Popcorn Method: Microwave Popcorn (in a Bowl)

About This Method: This Good Housekeeping recipe calls for mixing 1/4 cup popcorn kernels and 1/2 teaspoon oil in a medium microwave-safe glass bowl, covering the bowl with a plate, and microwaving on high for 3 to 4 minutes — until there are 3 seconds between pops. 

Results: My 1/4 cup of kernels popped to a volume of 6 cups with 1 tablespoon of unpopped kernels. It wasn’t the crispiest of the batches, but it was still pretty crisp, light, and fluffy. For me, this microwave method worked much better than the paper bag method. I liked that I could serve the popcorn straight from the bowl and that I didn’t have to anxiously monitor the microwave as the popcorn cooked; it was pretty much hands-free. 

Popcorn Method: Microwave Popcorn (in a Silicone Bag) 

About This Method: Another writer for Kitchn had reviewed this method already, and now it was my turn to pit it against all these other techniques. I followed the instructions provided by Stasher, the maker of reusable silicone bags you can store and cook food in: Combine 1/2 cup popcorn kernels, 1 tablespoon olive oil, and some salt (I used 1/2 teaspoon) in the 56-ounce–capacity Stand-Up bag; leave the bag partially open to vent; microwave on High for 2 to 3 minutes or until popping slows.    

Results: For my initial two tests, I had to go the full three minutes in my 1100-watt microwave. The bag was completely full of popped corn that measured roughly 10 cups, with 2 tablespoons of unpopped kernels. I didn’t love having that many unpopped kernels, so I decided to see what would happen if I used a smaller amount of popcorn. So I started with 1/3 cup kernels, microwaved for 2 1/2 minutes, and got 8 1/2 cups of popcorn with only 1 tablespoon of unpopped kernels. I liked having fewer duds (less wasted food). Although the bag gets hot and you’re cautioned to use oven mitts when opening it, I found that the side seams stayed cool, so I was able to safely hold the bag there without mitts.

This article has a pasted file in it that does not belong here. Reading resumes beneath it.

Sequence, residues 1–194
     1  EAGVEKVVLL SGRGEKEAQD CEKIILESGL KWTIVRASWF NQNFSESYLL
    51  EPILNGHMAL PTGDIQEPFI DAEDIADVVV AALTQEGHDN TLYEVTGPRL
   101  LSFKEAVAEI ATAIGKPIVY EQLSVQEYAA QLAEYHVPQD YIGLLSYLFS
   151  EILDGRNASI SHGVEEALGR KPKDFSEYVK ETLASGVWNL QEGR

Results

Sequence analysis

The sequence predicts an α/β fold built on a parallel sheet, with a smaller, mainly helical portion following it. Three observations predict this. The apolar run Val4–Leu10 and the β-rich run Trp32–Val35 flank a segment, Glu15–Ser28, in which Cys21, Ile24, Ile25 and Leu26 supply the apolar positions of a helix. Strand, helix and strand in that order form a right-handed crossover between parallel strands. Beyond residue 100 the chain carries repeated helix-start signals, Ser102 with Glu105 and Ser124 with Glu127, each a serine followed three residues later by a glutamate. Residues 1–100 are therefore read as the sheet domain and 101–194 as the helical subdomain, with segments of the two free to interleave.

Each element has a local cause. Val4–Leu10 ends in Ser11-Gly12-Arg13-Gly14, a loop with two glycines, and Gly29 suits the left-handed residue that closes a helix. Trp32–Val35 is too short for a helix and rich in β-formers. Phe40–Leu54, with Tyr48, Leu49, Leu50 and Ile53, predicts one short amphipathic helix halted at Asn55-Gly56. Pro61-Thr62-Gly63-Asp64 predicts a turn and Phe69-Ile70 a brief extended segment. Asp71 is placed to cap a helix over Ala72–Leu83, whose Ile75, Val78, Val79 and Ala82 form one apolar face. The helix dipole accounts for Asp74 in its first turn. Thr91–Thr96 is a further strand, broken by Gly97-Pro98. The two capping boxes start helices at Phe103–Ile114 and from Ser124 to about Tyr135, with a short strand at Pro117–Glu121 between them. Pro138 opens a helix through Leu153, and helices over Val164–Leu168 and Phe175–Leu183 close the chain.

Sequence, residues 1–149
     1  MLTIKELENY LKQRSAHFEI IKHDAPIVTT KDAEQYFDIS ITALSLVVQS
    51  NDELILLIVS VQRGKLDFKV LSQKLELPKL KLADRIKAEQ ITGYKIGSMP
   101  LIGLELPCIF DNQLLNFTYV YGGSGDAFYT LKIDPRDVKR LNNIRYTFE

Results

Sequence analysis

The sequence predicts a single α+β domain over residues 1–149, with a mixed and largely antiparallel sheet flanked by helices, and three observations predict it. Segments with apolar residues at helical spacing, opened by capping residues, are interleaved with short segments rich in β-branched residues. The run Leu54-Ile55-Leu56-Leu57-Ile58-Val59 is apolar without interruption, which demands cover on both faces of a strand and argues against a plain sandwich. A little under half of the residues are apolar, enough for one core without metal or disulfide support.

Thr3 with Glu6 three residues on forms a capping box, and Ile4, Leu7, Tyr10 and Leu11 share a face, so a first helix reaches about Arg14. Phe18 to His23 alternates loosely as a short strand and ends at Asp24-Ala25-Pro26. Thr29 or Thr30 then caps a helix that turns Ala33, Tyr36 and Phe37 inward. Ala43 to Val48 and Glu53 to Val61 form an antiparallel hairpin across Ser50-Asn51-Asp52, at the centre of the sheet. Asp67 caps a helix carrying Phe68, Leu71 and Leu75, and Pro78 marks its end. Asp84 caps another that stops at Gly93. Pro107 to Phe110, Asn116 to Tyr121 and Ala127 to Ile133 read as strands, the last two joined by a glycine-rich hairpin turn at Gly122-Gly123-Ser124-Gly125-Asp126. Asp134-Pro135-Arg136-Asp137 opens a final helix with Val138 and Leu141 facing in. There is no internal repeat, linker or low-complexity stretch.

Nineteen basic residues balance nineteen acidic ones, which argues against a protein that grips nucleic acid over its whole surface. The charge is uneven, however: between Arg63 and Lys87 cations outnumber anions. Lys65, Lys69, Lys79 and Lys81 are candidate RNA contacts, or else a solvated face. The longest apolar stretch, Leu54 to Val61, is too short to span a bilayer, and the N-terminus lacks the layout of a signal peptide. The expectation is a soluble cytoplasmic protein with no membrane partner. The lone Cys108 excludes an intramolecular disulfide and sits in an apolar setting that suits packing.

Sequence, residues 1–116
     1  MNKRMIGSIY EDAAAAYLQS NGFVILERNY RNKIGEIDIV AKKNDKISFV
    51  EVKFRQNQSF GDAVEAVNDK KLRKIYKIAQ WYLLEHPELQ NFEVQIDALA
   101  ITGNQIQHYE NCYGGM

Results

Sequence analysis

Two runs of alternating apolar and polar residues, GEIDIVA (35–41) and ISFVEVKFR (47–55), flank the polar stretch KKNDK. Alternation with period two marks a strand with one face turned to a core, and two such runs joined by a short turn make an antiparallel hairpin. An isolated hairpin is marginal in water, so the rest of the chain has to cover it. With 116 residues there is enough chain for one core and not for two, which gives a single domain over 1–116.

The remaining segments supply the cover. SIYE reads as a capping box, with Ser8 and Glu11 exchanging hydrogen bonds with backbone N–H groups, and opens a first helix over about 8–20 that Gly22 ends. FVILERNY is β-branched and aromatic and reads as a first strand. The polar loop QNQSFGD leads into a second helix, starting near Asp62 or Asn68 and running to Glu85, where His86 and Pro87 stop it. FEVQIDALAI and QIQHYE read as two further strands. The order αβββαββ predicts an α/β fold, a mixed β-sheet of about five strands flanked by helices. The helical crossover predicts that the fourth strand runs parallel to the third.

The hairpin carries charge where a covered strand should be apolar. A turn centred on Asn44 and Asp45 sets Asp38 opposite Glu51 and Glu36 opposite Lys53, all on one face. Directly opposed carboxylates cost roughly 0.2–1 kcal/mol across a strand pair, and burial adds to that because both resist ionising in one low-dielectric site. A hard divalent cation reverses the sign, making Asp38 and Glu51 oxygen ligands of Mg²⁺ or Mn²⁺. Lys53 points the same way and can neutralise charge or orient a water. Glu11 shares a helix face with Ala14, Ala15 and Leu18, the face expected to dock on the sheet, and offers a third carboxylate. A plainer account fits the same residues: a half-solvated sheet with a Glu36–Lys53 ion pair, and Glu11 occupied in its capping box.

My Takeaway: This is an easy method that’s neat and tidy, as you can just toss the Stasher bag right in the dishwasher after eating from it. So if you have one already, by all means put it to use for quick and easy snacks. If you don’t have a Stasher bag on hand, you most likely wouldn’t regret getting one — because it wouldn’t be a single-use item anyway (unlike some of the other equipment reviewed here). Expect to have a fair amount of unpopped kernels, but know that that’s the price of convenience.

Popcorn Method: Stovetop Popcorn

About This Method: For this technique, Cook’s Illustrated tells you to heat 3 tablespoons oil and 3 popcorn kernels in a covered 4-quart pan over medium heat. When you hear a kernel pop, you then add 1/3 cup kernels, cover the pot, and wait 30 seconds before returning it to medium heat. When the popping starts, you shake the pan with the lid slightly ajar until the popping slows to 1 to 2 seconds between pops. The claim is that you’ll get fewer unpopped kernels and run a low risk of scorching because when the “test kernels” pop you know the oil is at the right temperature. And that 30-second break? It “allows all of the kernels to gradually heat to the same temperature — so they pop almost simultaneously.” 

Results: The 1/3 cup of kernels popped to about 8 1/2 cups of fluffy, mostly crisp popcorn with a tiny bit of chewiness in the bite. I ended up with 1 teaspoon of unpopped kernels.  While I didn’t quite experience that simultaneous popping that the method touts, I did love this method for the fluffy, crisp results it produced. The illustrations in the Cook’s Illustrated piece show a long-handled saucepan; since I don’t have a 4-quart saucepan, I used a stainless steel Dutch oven instead. The relatively light weight of the pan made shaking during popping easy, although shaking with the lid slightly ajar was a tad awkward. If you’ll be using a cast iron Dutch oven for this method, be prepared for a workout. 

Popcorn Method: Air-Popped Popcorn

About This Method: I used the Presto PopLite popper and followed the instructions in their tutorial video: Pour 1/2 cup kernels into the popping chamber (using the unit’s measuring cup/cover), place the cover and measuring cup in place, arrange a large bowl under the chute to catch the popcorn, plug in the unit, then unplug it once the kernels are popped.